Format: DVD from NetFlix on laptop.
I’d love to tell you that Ironweed is a fun-filled romp of joy and happiness, but it is completely the opposite. This is one of those movies I have dubbed a “misery parfait” in the past, a film in which nothing good happens to anyone, and there is little but layers of sadness and misery piled one atop the other. That it stars both Jack Nicholson and Meryl Streep only means that the misery we witness is going to be acted about as well as it can be. It’s not going to make it any easier to experience, but it is at least going to be done well.
It’s evident right from the start that we are in for this sort of experience. Francis Phelan (Nicholson) is a bum who has wandered around the country for a few decades. Now, in 1938 around Halloween, he has returned to Albany, NY, his old home town. Over the course of the first act, we learn a few things about Francis. We learn that he was married and had children, but abandoned his family because he dropped his infant son, killing him.
Since those days, Fran has moved from place to place, working day jobs and wasting himself with drink. While never formally divorced, Fran has spent years off and on with Helen Archer (Meryl Streep), a former singer who has fallen on equally hard times. In these opening moments, we also meet Fran’s friend Rudy (Tom Waites), who has just been diagnosed with cancer and given six months to live, six months he probably won’t see because of his own homelessness and drinking. Eventually, we learn that Fran was once a very successful baseball player, having played with the Washington Senators before falling to his current low state.
In all honesty, things aren’t going to get a lot better from here. We’re going to see life through the eyes and experiences of Francis and Helen for a couple of days as Francis attempts to come to terms with his past and with the decisions he has made. This is very much Fran’s story. Helen’s part in the story is important, particularly with what we learn she has to do to not merely survive but to simply find a place to sleep for the night, but since we learn very little of what happened to her to bring her to this circumstance, her story is more or less a companion to Fran’s and a sort of reflection of it.
Through the course of the day or so the film covers, Fran and Helen will encounter a number of people they have known before. They connect at a mission where they also encounter some other old companions. They hear of a former singer named Oscar Reo (Fred Gwynne) who Fran knew and Helen idolized running a club, and go there for drinks and for Helen to attempt to sing a song.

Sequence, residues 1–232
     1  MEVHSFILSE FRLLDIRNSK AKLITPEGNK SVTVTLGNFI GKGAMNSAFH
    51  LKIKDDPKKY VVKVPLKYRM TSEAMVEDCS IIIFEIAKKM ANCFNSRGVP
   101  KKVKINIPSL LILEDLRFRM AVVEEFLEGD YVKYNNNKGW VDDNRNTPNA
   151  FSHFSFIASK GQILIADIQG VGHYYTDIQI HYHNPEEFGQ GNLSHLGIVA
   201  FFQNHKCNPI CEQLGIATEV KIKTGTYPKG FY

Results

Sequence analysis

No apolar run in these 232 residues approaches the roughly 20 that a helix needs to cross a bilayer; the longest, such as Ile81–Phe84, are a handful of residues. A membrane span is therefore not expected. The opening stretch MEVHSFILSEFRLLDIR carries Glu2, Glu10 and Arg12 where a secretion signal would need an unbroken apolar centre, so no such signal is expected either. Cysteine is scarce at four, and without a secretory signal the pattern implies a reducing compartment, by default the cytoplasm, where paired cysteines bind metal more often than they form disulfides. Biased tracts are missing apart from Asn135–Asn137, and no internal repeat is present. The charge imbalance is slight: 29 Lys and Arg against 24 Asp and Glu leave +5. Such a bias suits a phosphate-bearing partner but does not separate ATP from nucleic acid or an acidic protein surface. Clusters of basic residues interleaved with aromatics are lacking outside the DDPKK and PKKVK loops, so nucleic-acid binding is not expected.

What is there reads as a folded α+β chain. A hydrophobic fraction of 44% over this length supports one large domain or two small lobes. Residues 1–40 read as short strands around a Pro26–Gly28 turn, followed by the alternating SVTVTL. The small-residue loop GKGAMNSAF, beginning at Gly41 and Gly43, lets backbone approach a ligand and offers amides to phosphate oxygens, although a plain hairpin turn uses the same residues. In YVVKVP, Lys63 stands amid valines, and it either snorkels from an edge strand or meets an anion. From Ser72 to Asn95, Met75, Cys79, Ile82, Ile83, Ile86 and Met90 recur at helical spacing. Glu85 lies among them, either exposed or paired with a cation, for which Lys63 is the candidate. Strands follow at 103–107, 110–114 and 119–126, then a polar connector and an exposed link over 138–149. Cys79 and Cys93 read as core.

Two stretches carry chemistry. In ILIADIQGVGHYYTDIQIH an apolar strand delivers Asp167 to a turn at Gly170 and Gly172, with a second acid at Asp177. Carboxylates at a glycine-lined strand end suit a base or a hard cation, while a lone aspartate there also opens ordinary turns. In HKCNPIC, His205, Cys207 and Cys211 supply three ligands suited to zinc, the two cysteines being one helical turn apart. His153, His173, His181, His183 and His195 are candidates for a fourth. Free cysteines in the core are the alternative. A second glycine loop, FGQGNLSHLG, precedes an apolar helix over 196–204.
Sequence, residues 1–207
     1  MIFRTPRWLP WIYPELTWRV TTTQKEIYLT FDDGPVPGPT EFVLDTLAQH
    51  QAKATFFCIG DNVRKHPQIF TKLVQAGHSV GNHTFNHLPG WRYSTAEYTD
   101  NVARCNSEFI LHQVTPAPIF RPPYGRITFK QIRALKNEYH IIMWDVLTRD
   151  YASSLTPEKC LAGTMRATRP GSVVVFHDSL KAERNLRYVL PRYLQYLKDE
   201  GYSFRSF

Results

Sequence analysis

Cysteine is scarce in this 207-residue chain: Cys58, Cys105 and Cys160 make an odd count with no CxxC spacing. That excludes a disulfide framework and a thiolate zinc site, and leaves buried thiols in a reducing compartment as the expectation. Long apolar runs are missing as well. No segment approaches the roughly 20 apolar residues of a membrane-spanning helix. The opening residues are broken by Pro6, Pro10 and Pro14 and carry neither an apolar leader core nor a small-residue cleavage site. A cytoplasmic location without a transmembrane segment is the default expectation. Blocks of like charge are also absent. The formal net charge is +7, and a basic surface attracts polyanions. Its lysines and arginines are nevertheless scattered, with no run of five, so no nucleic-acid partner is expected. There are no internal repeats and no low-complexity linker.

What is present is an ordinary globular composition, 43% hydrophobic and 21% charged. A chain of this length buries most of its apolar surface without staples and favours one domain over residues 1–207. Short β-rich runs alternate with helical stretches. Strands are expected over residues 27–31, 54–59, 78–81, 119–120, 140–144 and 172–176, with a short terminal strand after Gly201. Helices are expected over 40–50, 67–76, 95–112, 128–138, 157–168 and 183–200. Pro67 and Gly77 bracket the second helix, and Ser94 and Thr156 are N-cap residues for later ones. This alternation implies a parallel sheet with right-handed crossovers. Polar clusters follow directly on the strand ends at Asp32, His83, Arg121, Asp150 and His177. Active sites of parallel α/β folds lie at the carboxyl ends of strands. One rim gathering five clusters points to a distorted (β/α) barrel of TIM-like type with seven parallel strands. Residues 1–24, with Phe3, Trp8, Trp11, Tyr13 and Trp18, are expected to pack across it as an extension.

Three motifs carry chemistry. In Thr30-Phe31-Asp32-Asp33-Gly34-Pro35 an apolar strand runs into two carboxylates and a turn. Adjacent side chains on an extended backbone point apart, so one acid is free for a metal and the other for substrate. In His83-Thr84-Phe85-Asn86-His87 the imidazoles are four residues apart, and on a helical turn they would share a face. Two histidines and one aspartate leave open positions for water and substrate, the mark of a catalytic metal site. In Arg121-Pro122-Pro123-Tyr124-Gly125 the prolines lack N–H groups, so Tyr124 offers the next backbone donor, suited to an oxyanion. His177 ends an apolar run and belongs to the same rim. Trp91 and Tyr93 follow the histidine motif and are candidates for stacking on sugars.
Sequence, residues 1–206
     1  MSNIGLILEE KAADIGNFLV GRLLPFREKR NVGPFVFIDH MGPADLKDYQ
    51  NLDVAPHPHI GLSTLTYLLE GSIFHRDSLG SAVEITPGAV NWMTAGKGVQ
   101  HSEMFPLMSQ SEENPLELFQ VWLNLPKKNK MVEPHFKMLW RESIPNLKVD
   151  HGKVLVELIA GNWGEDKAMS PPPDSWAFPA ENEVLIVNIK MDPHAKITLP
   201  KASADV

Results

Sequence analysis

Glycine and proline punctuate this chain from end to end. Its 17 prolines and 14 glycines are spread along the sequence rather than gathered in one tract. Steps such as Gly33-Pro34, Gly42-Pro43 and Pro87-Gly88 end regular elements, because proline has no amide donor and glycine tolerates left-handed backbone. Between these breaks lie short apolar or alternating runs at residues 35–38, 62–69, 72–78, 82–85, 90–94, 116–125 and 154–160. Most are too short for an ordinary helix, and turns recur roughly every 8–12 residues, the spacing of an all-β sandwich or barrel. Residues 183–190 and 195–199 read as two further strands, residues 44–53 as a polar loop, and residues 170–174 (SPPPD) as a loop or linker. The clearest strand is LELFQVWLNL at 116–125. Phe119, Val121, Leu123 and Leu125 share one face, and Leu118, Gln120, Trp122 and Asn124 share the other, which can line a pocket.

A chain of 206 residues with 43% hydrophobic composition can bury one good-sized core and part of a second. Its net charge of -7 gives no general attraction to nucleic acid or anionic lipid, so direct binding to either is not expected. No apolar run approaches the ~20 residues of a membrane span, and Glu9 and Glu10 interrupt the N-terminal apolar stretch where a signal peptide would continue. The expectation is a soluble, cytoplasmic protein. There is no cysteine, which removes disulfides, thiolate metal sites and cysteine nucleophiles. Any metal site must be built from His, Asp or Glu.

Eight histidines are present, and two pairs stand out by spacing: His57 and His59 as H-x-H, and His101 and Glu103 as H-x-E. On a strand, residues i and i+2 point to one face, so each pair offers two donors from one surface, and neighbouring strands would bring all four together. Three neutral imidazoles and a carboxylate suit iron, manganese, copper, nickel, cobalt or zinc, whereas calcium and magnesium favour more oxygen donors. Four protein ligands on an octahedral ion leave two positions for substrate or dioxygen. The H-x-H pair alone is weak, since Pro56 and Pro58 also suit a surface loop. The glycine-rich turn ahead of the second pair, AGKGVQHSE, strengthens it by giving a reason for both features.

It’s this scene that is most notable in many respects. Throughout the film, we’re given something like dream sequences, mainly for Fran. Fran relives moments of his past (and is played by Frank Whaley in these scenes), that seem to be visiting him as hallucinations in the present. He speaks with people long dead, including a streetcar conductor (Nathan Lane) he once killed accidentally. This is Fran’s attempt to come to terms with his past.
But when Helen sings in the club, we’re given something different. What we see is how the scene plays out in Helen’s mind. The audience of the club becomes a little classier, although Helen herself doesn’t change and her clothing stays the same tattered rags that she has been wearing. What really changes is her voice. We see the scene as she sees it, her with all of the strength and power of her talent in her heyday. And then we return to reality and see the real wreck that Helen has become, her talent all but gone.
Much of the end of the film concerns Fran’s return to his home, where he has not been for more than two decades. He meets his wife Annie (Caroll Baker) and his now-grown son Billy (Michael O’Keefe) and attempts to reconnect with them as best he can, dealing not only with the years of separation but the guilt, shame, and resentment his disappearance has caused.
Ironweed seems to exist as a reminder that Jack Nicholson can do more than just be Jack Nicholson on screen and that Meryl Streep can do pretty much anything that someone asks of her. Nicholson is as good as he has ever been and playing a role that is significantly different from those that he typically excels in. I do wonder that Meryl Streep was nominated for Best Actress here; the role seems much more supporting than anything else. It’s an odd case of category inflation.
Ironweed is not a film I plan to revisit anytime soon. It’s far too depressing and brutal for me to want to sit through it again, especially at the length it runs. Really, it’s the fact that it’s close to two-and-a-half hours of misery more than that it’s misery that would keep me from spending time with it again.
Why to watch Ironweed: An acting class from Nicholson and Streep.
Why not to watch: Holy shit, is it depressing.